Subdivision (a) requires a description of the property that is the subject of the action. It should be noted that several properties may be joined in one complaint even though located in different counties. See, e.g., Murphy v. Superior Court , 138 Cal. 69, 70 P. 1070 (1902). And, real and personal property may be joined in one action. Section 872.240. As to joinder of property under varying ownership, see Middlecoff v. Cronise , 155 Cal. 185, 100 P. 232 (1909).
Subdivision (b) requires an allegation of all the plaintiff's interest in the property. For interests sufficient to maintain the action, see Section 872.210. Where the plaintiff has a lien on the property as well as an interest sufficient to maintain the action, he must allege his lien as well as his other interest.
Subdivision (c) supersedes the first portion of former Section 753. Unlike the former provision that required all interests to be set out regardless of whether the interests would be affected, subdivision (c) limits the requirement to only those interests the plaintiff reasonably believes will be materially affected by the partition action. Incorporation of a title report should be sufficient to satisfy this requirement as to recorded interests but not as to unrecorded interests known to the plaintiff. It should be noted that there may be interests of record in personal property filed to perfect a security interest under the Commercial Code.
Partition of some or all of the interests in the property may be obtained. Subdivision (d) requires the plaintiff to indicate which estate or estates are intended to be affected by the action. The estates in real property include estates of inheritance, for life, and for years. Civil Code § 761. For provisions relating to parties defendant, see Article 4 (commencing with Section 872.510).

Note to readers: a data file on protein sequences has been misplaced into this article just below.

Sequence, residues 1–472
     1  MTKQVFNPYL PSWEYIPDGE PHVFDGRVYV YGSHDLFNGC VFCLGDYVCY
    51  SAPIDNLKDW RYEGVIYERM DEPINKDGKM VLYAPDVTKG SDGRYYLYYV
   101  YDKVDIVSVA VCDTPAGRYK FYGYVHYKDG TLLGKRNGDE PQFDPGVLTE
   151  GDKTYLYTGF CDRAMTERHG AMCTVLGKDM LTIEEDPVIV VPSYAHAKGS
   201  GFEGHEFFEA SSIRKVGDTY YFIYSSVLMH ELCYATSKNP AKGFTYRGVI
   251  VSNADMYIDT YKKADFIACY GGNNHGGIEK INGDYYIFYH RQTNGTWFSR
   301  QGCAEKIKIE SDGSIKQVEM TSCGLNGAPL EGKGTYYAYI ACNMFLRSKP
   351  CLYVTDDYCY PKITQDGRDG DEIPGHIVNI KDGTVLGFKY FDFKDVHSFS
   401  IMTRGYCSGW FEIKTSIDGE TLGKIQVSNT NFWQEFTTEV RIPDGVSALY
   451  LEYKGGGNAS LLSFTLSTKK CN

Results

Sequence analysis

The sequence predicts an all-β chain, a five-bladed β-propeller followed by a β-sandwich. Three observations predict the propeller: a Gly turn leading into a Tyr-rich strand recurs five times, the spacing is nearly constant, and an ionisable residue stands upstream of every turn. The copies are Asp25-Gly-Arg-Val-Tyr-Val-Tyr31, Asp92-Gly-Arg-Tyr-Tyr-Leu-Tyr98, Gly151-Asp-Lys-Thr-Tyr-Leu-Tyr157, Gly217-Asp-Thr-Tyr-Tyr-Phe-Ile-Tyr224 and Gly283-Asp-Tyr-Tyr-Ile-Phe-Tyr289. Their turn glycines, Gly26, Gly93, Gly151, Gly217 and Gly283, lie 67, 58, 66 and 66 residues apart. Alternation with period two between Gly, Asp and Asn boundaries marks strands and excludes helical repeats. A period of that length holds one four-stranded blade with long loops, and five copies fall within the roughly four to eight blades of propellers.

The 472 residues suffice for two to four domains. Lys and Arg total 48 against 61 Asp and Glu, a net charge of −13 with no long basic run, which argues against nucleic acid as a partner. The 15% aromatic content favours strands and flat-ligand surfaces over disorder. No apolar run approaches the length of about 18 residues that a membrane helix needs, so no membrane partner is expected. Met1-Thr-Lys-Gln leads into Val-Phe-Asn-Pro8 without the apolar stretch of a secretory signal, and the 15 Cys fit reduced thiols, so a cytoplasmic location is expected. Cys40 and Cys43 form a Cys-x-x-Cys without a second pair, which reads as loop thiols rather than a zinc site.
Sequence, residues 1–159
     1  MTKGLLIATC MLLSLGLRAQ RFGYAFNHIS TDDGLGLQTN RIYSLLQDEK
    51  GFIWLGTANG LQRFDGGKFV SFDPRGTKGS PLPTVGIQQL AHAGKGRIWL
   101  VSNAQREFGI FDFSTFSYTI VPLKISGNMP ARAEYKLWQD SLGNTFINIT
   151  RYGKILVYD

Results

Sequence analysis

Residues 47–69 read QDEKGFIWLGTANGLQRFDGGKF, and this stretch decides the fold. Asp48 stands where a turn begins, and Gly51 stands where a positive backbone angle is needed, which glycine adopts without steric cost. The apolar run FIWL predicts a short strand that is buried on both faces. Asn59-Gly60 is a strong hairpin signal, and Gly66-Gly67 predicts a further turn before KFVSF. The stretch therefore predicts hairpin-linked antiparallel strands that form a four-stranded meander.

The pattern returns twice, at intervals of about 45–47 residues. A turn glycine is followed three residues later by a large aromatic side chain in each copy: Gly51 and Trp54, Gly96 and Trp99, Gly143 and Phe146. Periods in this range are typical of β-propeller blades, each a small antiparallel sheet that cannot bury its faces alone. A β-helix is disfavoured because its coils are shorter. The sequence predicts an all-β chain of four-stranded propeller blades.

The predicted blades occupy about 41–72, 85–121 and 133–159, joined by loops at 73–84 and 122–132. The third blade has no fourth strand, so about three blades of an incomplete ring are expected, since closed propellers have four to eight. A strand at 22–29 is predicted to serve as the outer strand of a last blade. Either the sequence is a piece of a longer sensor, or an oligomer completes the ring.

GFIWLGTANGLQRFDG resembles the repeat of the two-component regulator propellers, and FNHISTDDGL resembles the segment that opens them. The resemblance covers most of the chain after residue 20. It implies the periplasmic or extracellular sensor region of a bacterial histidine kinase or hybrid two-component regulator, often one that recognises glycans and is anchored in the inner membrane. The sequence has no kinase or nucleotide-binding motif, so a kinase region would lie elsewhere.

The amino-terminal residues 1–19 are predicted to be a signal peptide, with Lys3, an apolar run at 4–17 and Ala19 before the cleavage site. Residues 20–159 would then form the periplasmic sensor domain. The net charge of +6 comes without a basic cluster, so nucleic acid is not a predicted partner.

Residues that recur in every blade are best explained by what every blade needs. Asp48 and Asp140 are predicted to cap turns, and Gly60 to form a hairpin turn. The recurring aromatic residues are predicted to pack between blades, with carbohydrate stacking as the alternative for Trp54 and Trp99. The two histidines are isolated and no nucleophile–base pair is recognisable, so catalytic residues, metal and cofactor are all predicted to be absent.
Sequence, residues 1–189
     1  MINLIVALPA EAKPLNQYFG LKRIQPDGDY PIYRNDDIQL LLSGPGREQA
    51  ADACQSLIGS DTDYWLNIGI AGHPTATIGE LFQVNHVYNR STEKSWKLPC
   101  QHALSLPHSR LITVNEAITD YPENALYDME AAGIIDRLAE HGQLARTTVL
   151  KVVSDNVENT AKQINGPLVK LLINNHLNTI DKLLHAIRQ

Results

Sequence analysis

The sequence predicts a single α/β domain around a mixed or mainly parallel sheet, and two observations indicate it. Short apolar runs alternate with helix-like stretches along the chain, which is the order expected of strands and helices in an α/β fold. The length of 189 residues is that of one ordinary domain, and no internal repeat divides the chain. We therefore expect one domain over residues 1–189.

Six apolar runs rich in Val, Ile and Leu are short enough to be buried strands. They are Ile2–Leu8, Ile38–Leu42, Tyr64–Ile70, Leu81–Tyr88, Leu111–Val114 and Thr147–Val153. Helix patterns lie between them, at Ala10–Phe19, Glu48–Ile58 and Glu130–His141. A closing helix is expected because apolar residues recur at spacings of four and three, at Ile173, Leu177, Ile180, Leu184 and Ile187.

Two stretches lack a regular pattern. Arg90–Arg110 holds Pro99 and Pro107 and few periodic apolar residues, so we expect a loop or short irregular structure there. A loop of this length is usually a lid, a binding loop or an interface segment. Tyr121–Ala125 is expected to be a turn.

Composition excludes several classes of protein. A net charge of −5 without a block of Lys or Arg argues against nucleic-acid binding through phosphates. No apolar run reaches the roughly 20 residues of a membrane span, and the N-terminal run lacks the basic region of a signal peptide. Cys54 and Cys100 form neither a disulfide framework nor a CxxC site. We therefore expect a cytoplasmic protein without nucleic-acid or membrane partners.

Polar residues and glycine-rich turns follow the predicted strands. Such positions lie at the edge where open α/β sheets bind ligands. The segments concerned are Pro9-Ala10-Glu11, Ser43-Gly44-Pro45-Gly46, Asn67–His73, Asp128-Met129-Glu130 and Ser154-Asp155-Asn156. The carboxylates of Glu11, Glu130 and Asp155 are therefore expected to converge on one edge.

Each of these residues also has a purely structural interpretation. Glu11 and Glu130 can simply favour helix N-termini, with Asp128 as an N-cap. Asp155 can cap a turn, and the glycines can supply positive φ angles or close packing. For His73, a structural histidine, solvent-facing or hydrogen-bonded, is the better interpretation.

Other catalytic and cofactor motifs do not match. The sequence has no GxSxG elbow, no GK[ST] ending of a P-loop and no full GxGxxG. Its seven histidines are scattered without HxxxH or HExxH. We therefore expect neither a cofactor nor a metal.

Subdivision (e) requires an allegation of facts justifying a sale of the property where the plaintiff seeks sale. Should the plaintiff fail to seek sale at the time of filing the complaint, he may do so thereafter by amending the complaint subject to the general rules governing amendment. See Sections 471.5, 472, and 473. The defendant may request sale by appropriate pleading in the answer. See Section 872.410.Assembly Committee Comments
The Assembly Committee comment to Section 872.230 is a verbatim repetition of the Revision Commission comment above. This is actually because when the Legislature passed the new partition statutes, they more or less endorsed an overall adoption of the Law Revision Commission’s suggestions. The introduction to Assembly Bill 1671 (which ushered in this statute among others) states that the Revision Commission’s recommendations “reflect the intent of the Assembly Committee… in approving the various provisions of Assembly Bill 1671.”
Republication aside, the Commission comments here provide invaluable advice to any potential litigant seeking a partition.
For instance, failing to allege facts justifying a sale at the initial pleading stage can wind up hampering the plaintiff months down the line once their ability to amend as of right has expired. And even if the plaintiff timely amends, they are still stuck spending additional time and money they shouldn’t have if they’d only remembered to include facts justifying a sale.
As such, section 872.230 should be the first statute any plaintiff looks at before beginning their partition action.